Into the Heart of Mexico II

The essence of knowing a place is beyond what our camera lenses and words can capture. It is beyond that famous tourist spot. Beyond the sights and sounds we easily remember. But we are lucky that we feel and that our hearts remember so that when we recall memories, we find out that the feelings from the experience are alive. They are the ones that really stay with us.

Whether it is a short trip out of town, a retreat by the mountains or a surrender at the beach or a rare opportunity to be in another country, I try to remember the sensations and write down my reflections or realizations. Sometimes, I don’t get to write them until after weeks, or a month, or months, or a year. Like this writing comes thirty-three days after I arrived.

Reflections and realizations are what makes traveling a learning, to some, life-changing. But they are also the ones that make you realize that wherever you go, you carry your home with you. Perhaps, because our home is inside. So, maybe, traveling, as a process most would describe as getting lost, is just about finding ourselves again. Or seeing what we have been failing to see. Or realize what we have been missing back home.

When I saw the Monument of the Revolution in Mexico City, I remembered what a friend said about how we could have immortalized the lessons of martial law but that we failed to do so. It seems difficult for the youth these days to see and believe that martial law during the Marcos regime was a dark time in history. But it is not difficult to believe the horrors of the holocaust because they have been immortalized in journals and museums. Perhaps, one reason why almost each one of us has a level of fascination with histories is because it is how we connect to our past and they are our mirrors—a reminder of how our present and future can be. They help us move into the direction that we want and evolve or regress.

When I was at Centro Historico, the seat of the Aztec ruins, where you can find the metropolitan cathedral and the national palace, where Aztec artists bang the drums and dance to the beat, while hundreds of people, probably, thousands, come and go to hear a mass, while tourists revel in the beauty of this expansive main square, I asked my Mexican friend, “what does this mean to Mexicans?” “Do you think this means something?” I added. “I doubt,” he said. It is possible that he is in a way disconnected or distant to the history of his city, but it is also possible that historical or archaeological or cultural centers like this have lost relevance to the lives of its people and that it will stay like that until they help us correct mistakes in our history—or until such time they serve to actually make our countries, the lives of the people, better. Look at the EDSA People Power Revolution in the Philippines and how the country has not really changed twenty to thirty years after.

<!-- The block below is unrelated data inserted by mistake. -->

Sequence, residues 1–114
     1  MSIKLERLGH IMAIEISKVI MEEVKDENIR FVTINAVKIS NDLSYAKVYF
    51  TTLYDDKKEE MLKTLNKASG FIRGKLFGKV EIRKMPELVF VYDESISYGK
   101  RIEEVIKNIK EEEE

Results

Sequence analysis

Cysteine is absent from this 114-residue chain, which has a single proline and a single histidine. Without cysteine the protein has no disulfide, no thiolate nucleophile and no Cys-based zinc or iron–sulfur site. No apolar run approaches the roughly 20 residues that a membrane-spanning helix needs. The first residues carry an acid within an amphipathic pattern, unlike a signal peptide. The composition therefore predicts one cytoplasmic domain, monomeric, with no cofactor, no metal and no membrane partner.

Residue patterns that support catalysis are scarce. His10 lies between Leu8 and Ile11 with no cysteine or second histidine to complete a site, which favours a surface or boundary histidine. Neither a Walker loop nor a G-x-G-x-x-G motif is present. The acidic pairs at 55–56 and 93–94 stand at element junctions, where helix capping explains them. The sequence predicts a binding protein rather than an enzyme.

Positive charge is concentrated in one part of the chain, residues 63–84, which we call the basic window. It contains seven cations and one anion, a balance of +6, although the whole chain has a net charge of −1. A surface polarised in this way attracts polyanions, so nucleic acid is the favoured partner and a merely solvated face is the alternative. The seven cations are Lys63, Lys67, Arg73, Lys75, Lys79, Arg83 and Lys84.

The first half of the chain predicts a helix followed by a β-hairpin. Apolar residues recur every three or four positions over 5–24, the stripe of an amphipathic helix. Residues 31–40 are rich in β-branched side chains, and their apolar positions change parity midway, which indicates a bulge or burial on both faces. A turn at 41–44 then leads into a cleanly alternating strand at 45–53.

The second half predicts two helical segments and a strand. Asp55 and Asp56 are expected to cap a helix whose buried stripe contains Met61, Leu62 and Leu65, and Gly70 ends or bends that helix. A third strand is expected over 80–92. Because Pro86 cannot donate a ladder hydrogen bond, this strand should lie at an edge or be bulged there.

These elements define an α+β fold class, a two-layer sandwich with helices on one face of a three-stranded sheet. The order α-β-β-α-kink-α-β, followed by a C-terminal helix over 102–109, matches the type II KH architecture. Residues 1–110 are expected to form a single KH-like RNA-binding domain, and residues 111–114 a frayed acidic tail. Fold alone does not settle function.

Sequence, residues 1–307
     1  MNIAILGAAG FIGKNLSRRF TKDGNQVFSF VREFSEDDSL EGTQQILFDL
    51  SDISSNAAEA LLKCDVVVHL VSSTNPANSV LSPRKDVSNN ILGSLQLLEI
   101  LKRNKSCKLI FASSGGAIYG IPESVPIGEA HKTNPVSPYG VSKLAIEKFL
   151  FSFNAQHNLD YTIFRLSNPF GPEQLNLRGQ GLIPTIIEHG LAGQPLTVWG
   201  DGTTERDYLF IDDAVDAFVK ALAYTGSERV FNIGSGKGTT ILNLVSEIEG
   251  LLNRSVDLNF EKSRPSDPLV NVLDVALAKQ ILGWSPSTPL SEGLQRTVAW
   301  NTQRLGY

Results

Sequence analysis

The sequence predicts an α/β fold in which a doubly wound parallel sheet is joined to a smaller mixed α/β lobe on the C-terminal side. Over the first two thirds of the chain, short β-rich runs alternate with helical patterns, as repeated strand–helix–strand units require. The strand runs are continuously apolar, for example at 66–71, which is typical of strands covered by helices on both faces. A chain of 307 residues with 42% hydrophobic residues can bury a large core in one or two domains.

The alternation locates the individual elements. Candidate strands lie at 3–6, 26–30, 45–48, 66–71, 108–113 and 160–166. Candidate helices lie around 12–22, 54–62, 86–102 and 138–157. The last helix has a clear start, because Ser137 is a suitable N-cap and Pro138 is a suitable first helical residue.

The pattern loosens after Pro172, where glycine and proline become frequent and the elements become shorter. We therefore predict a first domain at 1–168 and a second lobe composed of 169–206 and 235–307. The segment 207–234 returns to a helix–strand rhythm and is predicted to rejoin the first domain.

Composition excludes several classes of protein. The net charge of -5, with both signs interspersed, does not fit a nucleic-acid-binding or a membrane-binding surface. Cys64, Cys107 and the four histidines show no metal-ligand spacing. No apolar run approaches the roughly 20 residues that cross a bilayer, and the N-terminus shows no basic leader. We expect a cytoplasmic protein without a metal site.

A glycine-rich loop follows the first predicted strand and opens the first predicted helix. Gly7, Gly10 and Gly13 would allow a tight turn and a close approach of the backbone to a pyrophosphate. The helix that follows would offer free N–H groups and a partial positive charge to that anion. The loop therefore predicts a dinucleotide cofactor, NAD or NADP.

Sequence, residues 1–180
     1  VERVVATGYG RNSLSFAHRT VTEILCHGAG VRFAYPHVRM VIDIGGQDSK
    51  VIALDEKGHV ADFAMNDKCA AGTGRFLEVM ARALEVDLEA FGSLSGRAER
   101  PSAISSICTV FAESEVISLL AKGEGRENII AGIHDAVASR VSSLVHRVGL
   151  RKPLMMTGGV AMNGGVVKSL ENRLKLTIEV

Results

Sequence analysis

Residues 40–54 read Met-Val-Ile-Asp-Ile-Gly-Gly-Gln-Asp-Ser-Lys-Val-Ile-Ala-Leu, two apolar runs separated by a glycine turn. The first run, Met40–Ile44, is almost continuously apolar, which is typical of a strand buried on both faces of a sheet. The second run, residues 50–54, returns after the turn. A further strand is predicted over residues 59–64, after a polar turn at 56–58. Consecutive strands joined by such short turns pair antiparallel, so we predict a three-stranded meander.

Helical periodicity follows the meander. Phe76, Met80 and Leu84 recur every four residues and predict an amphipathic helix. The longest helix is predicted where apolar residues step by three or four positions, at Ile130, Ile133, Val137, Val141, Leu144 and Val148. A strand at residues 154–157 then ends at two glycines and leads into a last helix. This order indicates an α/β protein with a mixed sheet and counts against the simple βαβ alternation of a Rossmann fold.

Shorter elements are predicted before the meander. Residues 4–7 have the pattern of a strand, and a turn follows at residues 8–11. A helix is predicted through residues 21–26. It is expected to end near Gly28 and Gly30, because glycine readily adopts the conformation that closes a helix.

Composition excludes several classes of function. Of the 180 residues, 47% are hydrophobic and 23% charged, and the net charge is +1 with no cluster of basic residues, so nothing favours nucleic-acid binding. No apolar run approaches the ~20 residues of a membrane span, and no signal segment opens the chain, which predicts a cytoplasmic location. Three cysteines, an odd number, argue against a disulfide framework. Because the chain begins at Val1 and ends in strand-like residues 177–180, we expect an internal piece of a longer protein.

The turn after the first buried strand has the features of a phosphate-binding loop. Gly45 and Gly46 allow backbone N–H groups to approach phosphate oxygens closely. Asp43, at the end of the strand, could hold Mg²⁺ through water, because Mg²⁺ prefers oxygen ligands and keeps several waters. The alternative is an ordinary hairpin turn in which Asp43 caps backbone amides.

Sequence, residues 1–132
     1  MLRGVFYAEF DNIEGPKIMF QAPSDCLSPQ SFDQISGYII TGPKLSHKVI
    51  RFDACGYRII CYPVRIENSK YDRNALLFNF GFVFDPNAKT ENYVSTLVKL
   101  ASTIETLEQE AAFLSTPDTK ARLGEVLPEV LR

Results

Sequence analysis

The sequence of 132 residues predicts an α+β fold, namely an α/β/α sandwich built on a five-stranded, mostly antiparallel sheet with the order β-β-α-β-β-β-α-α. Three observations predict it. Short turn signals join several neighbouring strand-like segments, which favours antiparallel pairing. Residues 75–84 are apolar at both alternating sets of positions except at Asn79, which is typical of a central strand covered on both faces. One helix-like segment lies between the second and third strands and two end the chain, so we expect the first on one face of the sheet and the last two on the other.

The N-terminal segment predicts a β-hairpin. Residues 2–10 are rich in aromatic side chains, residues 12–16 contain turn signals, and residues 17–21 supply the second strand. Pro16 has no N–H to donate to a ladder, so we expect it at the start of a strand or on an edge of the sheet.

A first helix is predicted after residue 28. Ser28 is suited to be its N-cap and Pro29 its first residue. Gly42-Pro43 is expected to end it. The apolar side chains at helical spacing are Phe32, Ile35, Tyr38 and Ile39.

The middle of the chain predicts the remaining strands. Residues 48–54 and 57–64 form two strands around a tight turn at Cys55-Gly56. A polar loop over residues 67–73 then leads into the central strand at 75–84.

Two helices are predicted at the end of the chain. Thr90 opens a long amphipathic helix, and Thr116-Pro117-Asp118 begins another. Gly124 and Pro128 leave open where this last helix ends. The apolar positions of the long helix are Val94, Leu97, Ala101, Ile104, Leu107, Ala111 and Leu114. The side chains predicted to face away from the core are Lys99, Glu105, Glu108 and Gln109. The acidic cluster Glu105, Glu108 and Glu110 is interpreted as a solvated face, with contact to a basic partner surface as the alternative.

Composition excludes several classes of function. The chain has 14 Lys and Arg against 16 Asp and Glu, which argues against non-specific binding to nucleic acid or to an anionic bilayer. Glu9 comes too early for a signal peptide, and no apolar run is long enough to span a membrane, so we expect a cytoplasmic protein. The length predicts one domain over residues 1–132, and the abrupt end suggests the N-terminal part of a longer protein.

Truly, Centro Historico was beautiful. I could almost cry with joy when we were approaching the main square, because it reminds you of the glories of ancient civilization and they make you see the beauty of human creations. It is in the air. I could taste it.

Some three-to-four hours away from Mexico City by bus is San Miguel de Allende in the state of Guanajuato. It is a charming place. The culture is so vibrant you see it in the streets—the music, the food, the souvenirs, the celebrations. I was in the city of Guanajuato in the same state of the same name sometime in May last year. Guanajuato and San Miguel de Allende have almost the same features—the long and winding roads of cobblestone, the vibrant colors of houses sitting on the slopes of a hill, the awe-inspiring architecture of different churches and shops—including a Starbucks coffee shop that seemed to have no choice but to blend into the features of San Miguel. The difference, I would say, is that I would liken San Miguel de Allende to a woman and Guanajuato to a man. It has a softer, more feminine features. It is probably the tunnels when entering and when in Guanajuato that makes me think it is more masculine, plus the mummies and El Pipila and the riding of the funicular to get there. San Miguel is more relaxed and graceful, like a woman walking, her dress flowing, swaying with the wind.

When my bus to Mexico City was leaving San Miguel, we saw a rainbow, and it stayed for a while. I knew then that the time that I was in Mexico was a crack to let a whole new light in, to a new way of seeing, thinking, feeling and willing. And I wasn’t wrong. Those angel-winged hearts at the souvenir shop were trying to tell me something.

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Into the Heart of Mexico – May 2016